Stolen victory: How Russia appropriated defeat of Nazism

For the EU, WWII is a tragedy and a crime against humanity never to be repeated. Having chosen to be a European nation, Ukraine is becoming more principled in treating history fairly.

WWII began as a result of a conspiracy between two totalitarian giants – Nazi Germany and Stalinist USSR. These juggernauts have separated and destroyed Central and Eastern Europe. None of the two regimes were moral in their ways of war: Katyn’ and Babyn Yar, Holocaust and Holodomor are comparable crimes against humanity. Every fifth Ukrainian has perished as a result of war. For Ukraine, both regimes are criminal according to the law.

Every European nation that has learned from the WWII atrocities to never again repeat them has the right to be part of the victory. May 8 is an important day for Germany and Italy because they share the grief and recognise their crimes. Russia’s cynical attempts to appropriate and exploit the memory of the victory over Nazism and to use it for justifying this full-scale invasion of Ukraine has been condemned in a joint statement of Permanent Missions of 50 states in the UN.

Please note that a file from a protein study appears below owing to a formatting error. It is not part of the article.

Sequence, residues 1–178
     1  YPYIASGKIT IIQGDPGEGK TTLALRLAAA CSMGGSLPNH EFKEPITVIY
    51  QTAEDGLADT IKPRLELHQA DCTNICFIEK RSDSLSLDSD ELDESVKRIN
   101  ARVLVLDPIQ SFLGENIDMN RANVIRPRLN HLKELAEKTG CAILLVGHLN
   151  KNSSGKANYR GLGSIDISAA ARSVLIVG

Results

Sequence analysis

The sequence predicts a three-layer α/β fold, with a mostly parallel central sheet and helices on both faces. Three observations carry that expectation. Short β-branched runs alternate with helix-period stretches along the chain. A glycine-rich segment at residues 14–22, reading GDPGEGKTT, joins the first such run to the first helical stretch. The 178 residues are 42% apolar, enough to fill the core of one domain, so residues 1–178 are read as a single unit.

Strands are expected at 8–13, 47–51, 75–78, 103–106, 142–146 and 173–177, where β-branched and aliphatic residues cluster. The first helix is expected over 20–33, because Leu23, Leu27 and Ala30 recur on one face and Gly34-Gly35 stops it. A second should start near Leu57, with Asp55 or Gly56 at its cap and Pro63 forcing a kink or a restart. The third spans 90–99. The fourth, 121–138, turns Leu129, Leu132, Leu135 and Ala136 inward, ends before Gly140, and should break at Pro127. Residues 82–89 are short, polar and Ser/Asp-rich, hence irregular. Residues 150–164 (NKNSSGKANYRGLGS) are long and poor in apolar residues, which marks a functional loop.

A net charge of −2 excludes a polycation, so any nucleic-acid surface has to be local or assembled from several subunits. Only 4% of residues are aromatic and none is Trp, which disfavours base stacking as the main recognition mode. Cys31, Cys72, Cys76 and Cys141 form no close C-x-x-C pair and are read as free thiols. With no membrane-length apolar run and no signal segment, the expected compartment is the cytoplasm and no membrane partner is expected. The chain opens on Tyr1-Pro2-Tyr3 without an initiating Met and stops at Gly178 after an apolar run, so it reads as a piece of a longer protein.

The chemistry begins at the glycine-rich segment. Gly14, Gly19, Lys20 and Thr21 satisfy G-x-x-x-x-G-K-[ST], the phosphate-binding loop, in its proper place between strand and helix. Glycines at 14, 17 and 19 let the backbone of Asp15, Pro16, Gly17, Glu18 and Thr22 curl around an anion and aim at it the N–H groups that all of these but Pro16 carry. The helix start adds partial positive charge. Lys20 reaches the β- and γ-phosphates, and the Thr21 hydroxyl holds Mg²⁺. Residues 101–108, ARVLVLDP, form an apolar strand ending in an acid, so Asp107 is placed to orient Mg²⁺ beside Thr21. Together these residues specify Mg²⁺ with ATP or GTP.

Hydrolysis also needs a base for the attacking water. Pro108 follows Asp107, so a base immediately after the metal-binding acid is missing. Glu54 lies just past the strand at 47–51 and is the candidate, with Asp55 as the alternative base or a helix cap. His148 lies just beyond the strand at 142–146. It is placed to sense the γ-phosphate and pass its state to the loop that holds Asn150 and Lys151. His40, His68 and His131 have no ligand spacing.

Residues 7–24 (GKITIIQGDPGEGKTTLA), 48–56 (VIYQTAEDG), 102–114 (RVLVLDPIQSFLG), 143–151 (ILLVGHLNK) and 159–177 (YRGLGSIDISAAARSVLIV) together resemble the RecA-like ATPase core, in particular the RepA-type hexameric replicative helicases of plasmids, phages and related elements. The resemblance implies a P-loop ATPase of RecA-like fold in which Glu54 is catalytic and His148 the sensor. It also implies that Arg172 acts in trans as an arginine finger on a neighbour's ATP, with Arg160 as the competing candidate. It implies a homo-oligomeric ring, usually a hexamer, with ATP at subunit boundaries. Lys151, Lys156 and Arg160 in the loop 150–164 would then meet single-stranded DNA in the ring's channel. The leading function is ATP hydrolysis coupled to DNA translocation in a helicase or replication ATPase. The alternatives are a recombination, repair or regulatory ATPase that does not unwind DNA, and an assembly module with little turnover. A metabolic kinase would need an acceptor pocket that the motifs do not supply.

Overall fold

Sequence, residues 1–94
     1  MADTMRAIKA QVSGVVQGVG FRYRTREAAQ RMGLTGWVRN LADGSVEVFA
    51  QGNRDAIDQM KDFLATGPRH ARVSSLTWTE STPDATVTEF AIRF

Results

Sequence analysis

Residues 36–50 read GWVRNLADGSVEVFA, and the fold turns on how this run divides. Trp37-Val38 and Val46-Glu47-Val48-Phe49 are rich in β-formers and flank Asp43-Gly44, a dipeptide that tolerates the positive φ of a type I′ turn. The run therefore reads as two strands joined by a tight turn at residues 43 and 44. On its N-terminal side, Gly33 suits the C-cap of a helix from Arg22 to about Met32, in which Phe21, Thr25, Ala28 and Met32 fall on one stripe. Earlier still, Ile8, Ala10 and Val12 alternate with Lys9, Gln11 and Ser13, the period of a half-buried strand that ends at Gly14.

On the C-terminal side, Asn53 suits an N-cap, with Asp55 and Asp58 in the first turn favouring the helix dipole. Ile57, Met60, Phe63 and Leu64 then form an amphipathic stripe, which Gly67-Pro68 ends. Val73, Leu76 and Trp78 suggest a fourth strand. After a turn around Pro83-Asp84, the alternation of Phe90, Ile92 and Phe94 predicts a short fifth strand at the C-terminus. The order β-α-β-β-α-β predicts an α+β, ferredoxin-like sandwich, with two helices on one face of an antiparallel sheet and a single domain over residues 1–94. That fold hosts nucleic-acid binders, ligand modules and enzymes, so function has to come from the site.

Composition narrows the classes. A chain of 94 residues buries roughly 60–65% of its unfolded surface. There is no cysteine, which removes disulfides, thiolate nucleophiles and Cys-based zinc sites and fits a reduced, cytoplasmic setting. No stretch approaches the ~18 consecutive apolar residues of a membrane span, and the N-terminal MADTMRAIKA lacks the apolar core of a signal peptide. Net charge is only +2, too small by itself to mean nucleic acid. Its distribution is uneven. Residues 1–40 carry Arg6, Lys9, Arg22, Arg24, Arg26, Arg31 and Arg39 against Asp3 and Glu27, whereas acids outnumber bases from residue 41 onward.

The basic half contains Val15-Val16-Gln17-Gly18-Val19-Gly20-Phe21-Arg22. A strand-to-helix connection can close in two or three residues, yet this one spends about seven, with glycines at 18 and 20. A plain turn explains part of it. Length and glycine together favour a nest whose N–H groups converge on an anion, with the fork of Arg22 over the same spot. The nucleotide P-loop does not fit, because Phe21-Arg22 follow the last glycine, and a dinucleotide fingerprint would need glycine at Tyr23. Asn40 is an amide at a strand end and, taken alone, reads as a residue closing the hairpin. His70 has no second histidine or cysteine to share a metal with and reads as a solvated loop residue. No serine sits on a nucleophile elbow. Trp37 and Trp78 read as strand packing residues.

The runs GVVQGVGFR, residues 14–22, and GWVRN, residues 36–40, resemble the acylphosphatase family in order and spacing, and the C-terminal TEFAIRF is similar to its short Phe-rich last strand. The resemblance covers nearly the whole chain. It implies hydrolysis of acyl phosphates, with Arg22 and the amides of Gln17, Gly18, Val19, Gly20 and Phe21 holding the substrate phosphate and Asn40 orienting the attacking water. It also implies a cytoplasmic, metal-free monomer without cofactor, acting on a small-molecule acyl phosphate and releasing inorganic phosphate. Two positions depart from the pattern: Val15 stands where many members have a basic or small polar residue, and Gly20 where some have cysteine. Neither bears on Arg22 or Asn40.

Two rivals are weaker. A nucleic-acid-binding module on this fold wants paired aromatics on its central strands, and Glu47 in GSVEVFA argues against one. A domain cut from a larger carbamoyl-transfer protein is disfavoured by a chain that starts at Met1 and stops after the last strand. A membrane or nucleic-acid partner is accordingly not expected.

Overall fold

The Russian Federation has no right to claim victory for itself, because it has not learned the lessons of WWII. It appropriated the military achievements and the moral right of a joint victory. The Russian aggression and rhetoric against Ukraine clearly demonstrates that Russia adopted the spirit of revanchism and militarism as its contemporary state ideology. Russia’s manipulation with “victory over Faschism” started in the USSR, where the unity of Soviet peoples brought the Nazi coalition down. Only three victory parades took place in the USSR after 1945: 1965, 1985 and 1990. In 2010, Putin’s rhetoric shifted from solidarity of peoples to recognising Russian people’s sole role in the victory. Since then, there has been a victory parade in the Red Square every year. Russian nationalism, not post-WWII humanism drives Russia’s victory frenzy.


  • Volodymyr Vyatrovych, historian, Ukrainian MP Ivan Patrylyak, phD in history, writer, dean of the history department at the
  • Taras Shevchenko National University
  • Yurii Mytrofanenko, historian and activist

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